The controversy over Confucius Institutes

October 2, 2014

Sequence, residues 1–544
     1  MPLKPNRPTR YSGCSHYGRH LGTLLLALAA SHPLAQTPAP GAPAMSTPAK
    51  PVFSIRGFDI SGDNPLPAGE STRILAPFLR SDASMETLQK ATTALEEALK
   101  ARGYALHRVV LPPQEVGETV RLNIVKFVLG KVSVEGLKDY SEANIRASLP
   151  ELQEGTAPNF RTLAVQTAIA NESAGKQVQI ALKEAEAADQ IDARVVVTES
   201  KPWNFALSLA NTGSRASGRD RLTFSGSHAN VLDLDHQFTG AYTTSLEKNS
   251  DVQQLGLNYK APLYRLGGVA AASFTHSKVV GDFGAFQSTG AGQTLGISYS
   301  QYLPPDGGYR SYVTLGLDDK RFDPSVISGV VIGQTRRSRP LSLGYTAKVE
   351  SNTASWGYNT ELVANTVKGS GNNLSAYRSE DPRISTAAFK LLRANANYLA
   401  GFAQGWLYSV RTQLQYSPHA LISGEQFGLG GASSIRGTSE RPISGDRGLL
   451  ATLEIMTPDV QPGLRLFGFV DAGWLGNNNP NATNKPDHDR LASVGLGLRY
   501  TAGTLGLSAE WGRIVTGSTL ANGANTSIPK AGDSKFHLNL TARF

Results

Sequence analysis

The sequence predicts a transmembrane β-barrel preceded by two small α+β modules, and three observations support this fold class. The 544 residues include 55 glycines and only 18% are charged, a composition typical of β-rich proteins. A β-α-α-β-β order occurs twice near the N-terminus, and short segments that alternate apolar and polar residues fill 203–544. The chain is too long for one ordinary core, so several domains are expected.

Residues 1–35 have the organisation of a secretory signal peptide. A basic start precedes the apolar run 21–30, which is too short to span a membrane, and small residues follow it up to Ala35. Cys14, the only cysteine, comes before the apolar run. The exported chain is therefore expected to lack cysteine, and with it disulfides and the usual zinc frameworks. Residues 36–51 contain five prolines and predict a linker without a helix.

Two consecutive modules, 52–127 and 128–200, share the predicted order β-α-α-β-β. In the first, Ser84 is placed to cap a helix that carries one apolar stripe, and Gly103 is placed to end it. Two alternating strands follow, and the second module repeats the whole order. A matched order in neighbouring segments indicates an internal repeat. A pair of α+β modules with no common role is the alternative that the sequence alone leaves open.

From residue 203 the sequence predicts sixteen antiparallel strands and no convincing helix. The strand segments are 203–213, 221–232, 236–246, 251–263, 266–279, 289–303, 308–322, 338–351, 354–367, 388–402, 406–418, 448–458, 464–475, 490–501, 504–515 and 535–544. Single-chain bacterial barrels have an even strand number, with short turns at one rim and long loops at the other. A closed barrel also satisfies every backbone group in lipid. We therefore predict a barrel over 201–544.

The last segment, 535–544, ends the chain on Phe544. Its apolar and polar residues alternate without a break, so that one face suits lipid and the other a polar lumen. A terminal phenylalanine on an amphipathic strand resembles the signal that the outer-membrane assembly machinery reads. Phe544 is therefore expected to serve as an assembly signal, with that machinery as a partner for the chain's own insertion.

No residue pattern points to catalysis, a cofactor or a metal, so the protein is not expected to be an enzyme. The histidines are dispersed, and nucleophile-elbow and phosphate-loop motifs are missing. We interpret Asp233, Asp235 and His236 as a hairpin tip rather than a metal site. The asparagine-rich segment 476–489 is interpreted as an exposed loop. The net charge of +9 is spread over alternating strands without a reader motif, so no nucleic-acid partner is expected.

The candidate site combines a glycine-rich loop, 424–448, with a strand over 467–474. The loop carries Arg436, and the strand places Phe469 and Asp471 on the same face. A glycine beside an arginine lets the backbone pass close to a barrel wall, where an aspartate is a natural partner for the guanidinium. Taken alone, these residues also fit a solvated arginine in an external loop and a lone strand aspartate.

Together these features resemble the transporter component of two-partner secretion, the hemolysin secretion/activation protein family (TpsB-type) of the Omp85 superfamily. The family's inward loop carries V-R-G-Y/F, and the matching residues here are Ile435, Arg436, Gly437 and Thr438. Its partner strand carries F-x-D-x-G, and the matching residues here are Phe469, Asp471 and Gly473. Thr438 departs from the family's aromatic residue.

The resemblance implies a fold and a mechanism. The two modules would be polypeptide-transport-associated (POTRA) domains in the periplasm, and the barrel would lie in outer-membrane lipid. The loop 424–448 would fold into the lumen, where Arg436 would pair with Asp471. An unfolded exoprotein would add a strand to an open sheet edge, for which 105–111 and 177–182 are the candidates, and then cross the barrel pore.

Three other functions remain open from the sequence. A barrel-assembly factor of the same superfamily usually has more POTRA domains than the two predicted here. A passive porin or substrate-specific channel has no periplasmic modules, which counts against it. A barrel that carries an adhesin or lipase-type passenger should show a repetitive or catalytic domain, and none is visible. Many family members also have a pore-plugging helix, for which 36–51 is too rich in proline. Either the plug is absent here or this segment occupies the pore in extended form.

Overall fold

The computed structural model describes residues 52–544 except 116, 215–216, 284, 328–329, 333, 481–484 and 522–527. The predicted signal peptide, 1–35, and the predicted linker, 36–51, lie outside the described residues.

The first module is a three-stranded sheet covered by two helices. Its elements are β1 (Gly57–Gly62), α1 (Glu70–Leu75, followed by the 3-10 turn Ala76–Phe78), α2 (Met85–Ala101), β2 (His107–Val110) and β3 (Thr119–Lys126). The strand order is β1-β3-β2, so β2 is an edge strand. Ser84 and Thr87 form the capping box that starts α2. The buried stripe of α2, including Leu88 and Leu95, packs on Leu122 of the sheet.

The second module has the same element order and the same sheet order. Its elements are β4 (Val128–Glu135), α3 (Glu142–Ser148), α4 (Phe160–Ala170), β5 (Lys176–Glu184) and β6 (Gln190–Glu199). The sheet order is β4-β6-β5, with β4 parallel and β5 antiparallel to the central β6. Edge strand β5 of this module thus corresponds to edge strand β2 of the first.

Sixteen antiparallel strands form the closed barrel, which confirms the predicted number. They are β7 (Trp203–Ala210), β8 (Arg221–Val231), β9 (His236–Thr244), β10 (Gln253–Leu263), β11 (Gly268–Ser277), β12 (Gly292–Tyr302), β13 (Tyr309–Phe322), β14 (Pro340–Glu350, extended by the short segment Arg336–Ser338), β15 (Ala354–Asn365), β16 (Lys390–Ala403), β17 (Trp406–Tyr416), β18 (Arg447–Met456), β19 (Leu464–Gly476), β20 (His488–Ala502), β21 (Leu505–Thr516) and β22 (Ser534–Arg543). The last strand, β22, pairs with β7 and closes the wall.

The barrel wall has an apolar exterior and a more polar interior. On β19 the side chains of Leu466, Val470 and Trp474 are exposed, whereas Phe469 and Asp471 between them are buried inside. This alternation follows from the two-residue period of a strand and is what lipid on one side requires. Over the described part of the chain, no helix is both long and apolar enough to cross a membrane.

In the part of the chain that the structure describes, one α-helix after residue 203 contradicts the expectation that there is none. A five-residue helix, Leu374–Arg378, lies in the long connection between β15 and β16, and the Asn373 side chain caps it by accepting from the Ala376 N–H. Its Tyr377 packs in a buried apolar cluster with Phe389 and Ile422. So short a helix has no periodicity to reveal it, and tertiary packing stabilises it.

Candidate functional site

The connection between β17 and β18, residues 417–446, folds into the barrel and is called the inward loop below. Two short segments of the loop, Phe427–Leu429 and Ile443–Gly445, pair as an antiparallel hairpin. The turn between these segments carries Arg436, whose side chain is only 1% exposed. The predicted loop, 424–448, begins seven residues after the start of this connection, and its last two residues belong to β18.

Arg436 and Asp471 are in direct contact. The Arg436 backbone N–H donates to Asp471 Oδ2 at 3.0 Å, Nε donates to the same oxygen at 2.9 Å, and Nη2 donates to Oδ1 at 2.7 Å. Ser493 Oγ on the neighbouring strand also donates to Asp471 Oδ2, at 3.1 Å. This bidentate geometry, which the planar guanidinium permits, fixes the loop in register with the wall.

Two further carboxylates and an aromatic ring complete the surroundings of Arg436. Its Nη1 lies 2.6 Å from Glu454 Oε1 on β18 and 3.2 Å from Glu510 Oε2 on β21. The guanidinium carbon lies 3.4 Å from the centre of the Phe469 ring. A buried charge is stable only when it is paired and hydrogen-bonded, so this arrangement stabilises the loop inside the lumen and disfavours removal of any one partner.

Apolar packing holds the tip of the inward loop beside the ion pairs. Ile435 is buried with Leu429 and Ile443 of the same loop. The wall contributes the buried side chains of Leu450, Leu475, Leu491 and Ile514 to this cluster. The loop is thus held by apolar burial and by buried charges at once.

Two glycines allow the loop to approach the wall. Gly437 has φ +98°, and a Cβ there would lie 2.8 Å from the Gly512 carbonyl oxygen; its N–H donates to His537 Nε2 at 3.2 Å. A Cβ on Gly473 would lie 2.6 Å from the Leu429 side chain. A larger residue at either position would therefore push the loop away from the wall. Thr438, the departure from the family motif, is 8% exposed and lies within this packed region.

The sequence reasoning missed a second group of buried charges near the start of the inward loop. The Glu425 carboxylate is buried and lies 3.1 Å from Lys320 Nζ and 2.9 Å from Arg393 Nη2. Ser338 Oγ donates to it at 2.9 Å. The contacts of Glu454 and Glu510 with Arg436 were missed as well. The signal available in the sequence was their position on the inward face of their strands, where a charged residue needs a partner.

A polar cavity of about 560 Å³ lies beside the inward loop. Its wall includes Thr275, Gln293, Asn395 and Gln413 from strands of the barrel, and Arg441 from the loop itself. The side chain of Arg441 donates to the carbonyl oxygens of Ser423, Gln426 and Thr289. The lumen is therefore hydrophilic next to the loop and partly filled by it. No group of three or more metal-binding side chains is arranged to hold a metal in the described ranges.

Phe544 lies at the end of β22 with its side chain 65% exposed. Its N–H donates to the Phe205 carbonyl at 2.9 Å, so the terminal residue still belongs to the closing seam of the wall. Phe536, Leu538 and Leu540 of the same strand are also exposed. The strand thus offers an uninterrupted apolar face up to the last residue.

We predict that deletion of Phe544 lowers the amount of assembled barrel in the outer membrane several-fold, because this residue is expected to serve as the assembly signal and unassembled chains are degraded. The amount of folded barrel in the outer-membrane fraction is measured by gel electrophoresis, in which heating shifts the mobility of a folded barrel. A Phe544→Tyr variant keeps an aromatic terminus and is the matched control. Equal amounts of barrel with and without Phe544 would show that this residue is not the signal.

As PSE institutions and school boards in Canada and the US reconsider their partnerships with Chinese-government funded Confucius Institutes, articles in theGlobe and Mail and the Toronto Star point to ways that these institutes can be beneficial while allowing minimal interventions from Hanban—the Confucius Institutes headquarters. In Edmonton, the Confucius program is used to help support the school board’s bilingual Mandarin program; Alberta teachers use AB curriculum, but Chinese instructors are hired as support staff to teach Chinese culture and help students with the language lessons. Hong Kong-based journalist Frank Ching writes in the Globe and Mail that even though the Confucius Institutes are touted as instruments of Chinese propaganda even by the Chinese government, China can improve these relationships by meeting the “issue of academic freedom head-on.” Ching also cautions Western institutions to be clear on the benefits, and risks, of partnering with Hanban. “There is an obvious need for Chinese language education around the world and China astutely stepped in to meet that need,” said Ching. Pennsylvania State University and the University of Chicago both recently announced they were closing their Confucius Institutes. The Canadian Association of University Teachers issued a news release last year urging PSE institutions to cut ties with the programs. Globe and Mail | Toronto Star | Inside Higher Ed